While Loxo Oncology has pulled away from its rival Ignyta in the novel cancer mutation called NTRK, the latter is trying to get back into the game in the related setting of Ros1.
Yesterday’s update at the World Conference on Lung Cancer made a strong case for using Ignyta’s lead asset, entrectinib, in Ros1-positive NSCLC, sending the group’s stock up 20% this morning. As in the case of Alk-mutated lung cancer, the inability of Pfizer’s Xalkori to cross into the central nervous system has left competing agents an open goal.
A couple of days previously the World Lung meeting heard how the next-generation Alk-inhibitor space was hotting up, with Xalkori being challenged on numerous fronts, most importantly by Roche’s Alecensa (World Lung – Alks impress, but the real fight is elsewhere, October 17, 2017).
The Ros1 parallel
There is an important analogy here with Ros1-positive tumours, because after being approved in Alk-positive disease Xalkori gained a first-line label in Ros1-mutated NSCLC too, and is currently the only drug indicated for this genetic niche.
From Ignyta’s point of view it is just as well that its pivotal phase II Startrk-2 study of entrectinib enrols patients with Ros1, as well as Alk and NTRK mutations. These three genetic aberrations are related, but in contrast Loxo’s lead asset, larotrectinib, was designed specifically as an NTRK inhibitor.
On a call today Ignyta boasted that entrectinib was 30 times more potent than Xalkori against Ros1. Even more importantly, entrectinib, unlike Xalkori, crosses the blood/brain barrier, meaning that it can tackle brain metastases, which are a major problem in NSCLC.
And this presents the opportunity for CNS-penetrating agents like Alecensa in Alk mutations, and for entrectinib in Ros1. Ignyta said it was increasingly important to target the CNS with a CNS-active drug before the emergence of brain metastases – thus setting its sights squarely on first-line use.
At World Lung entrectinib’s Startrk-2 update showed a 69% best remission rate in 32 Ros1 inhibitor-naive subjects, with five of six patients with brain metastases responding. Median duration of response was 28.6 months, and median progression-free survival 29.6 months, Ignyta said.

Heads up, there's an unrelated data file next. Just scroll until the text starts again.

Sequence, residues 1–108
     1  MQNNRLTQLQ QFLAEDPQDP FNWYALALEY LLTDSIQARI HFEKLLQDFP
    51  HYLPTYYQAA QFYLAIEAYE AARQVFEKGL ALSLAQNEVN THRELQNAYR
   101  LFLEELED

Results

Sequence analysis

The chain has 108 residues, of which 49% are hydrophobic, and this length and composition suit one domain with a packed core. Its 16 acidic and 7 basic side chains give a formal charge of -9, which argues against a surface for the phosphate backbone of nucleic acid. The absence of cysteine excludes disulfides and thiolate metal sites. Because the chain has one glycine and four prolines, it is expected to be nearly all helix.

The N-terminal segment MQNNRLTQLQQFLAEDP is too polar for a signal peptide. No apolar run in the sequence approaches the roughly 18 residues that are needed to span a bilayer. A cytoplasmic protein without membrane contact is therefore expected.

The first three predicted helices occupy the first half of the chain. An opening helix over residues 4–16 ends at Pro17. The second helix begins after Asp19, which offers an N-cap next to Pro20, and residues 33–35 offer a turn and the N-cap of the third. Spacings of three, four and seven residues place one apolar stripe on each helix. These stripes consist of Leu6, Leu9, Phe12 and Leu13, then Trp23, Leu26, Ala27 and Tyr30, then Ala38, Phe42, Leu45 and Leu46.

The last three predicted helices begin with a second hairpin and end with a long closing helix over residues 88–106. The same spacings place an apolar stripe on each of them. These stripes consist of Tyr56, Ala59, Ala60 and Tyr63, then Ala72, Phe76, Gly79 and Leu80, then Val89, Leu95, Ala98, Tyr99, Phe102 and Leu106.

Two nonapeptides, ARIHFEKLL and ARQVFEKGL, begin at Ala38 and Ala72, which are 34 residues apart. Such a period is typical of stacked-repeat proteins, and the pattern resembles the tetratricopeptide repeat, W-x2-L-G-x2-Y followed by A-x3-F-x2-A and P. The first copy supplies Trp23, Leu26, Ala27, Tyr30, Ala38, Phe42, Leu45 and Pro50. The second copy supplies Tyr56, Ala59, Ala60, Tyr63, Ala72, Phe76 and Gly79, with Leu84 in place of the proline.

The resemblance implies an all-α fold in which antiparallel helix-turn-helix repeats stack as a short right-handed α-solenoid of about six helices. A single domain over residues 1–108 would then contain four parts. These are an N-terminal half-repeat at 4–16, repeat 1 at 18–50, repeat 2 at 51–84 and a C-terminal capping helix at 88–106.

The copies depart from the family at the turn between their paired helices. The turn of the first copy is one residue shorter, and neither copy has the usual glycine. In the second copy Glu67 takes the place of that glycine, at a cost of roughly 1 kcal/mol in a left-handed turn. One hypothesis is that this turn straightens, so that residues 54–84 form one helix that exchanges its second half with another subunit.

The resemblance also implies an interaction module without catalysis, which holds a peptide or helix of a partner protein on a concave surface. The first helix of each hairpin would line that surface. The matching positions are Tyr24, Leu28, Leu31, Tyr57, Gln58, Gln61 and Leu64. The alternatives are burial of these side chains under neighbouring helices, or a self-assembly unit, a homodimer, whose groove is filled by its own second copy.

In comparison, available phase I data for Xalkori in Ros1-positive NSCLC suggest 18.3-month duration and 19.2-month PFS, presumably driven by non-CNS lesions. Ignyta said it would aim to file for Ros1-mutated NSCLC in the second half of next year, with a dataset of over 50 patients; currently over 70 Ros1-positive subjects have been enrolled into Startrk-2, and a pre-filing update is expected.
As if not wanting to be outdone, Loxo today provided an update of its three larotrectinib studies in NSCLC patients with NTRK fusions, showing remission rates by independent review broadly supporting investigator-assessed numbers. Larotrectinib is to be filed in the US late this year or in early 2018.
Loxo’s own World Lung presentation concerned two RET fusion patients, one of whom had progressed on Ignyta’s RXDX-105 but went into partial remission on receiving LOXO-292.
This all suggests the carving up of NSCLC into ever smaller genetic subtypes, so it is highly relevant to question the economic opportunities – notwithstanding the possibility of orphan pricing. Ignyta reckons that there are over 5,000 Ros1-mutated patients globally.
At present, the Ros1 space is looking a lot less crowded than the broadly comparable Alk-positive segment. Clinicaltrials.gov reveals relatively little Ros1-mutated NSCLC activity besides Xalkori, lorlatinib and entrectinib; importantly, Alecensa does not seem to be studied specifically for this mutation.
Perhaps this all gives Ignyta a brand new opportunity to shoot for. If only its valuation would reflect this – even after this morning’s rise Loxo’s $2.6bn market cap is almost three times higher than Ignyta’s – investors would really be on to something.